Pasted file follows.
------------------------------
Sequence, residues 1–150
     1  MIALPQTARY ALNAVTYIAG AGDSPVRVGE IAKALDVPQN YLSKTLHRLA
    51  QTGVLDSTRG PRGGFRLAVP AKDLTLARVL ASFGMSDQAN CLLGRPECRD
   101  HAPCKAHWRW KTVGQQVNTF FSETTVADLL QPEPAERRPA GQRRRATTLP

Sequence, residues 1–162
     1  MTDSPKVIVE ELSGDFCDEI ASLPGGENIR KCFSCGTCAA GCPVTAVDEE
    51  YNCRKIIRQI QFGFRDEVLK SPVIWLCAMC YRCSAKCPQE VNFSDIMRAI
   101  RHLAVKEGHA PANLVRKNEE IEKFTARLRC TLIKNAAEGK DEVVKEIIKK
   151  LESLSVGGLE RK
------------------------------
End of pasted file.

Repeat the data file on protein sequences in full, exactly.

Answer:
Sequence, residues 1–150
     1  MIALPQTARY ALNAVTYIAG AGDSPVRVGE IAKALDVPQN YLSKTLHRLA
    51  QTGVLDSTRG PRGGFRLAVP AKDLTLARVL ASFGMSDQAN CLLGRPECRD
   101  HAPCKAHWRW KTVGQQVNTF FSETTVADLL QPEPAERRPA GQRRRATTLP

Sequence, residues 1–162
     1  MTDSPKVIVE ELSGDFCDEI ASLPGGENIR KCFSCGTCAA GCPVTAVDEE
    51  YNCRKIIRQI QFGFRDEVLK SPVIWLCAMC YRCSAKCPQE VNFSDIMRAI
   101  RHLAVKEGHA PANLVRKNEE IEKFTARLRC TLIKNAAEGK DEVVKEIIKK
   151  LESLSVGGLE RK